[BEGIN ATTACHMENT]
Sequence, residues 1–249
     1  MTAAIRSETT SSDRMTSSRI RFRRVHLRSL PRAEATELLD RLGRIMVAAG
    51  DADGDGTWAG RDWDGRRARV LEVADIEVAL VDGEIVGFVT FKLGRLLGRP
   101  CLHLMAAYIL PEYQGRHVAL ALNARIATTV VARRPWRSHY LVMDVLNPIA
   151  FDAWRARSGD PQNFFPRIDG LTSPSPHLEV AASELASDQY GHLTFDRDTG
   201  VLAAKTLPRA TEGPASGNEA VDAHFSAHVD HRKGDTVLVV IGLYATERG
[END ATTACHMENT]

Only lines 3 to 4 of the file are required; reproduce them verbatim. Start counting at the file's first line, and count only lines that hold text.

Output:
    51  DADGDGTWAG RDWDGRRARV LEVADIEVAL VDGEIVGFVT FKLGRLLGRP
   101  CLHLMAAYIL PEYQGRHVAL ALNARIATTV VARRPWRSHY LVMDVLNPIA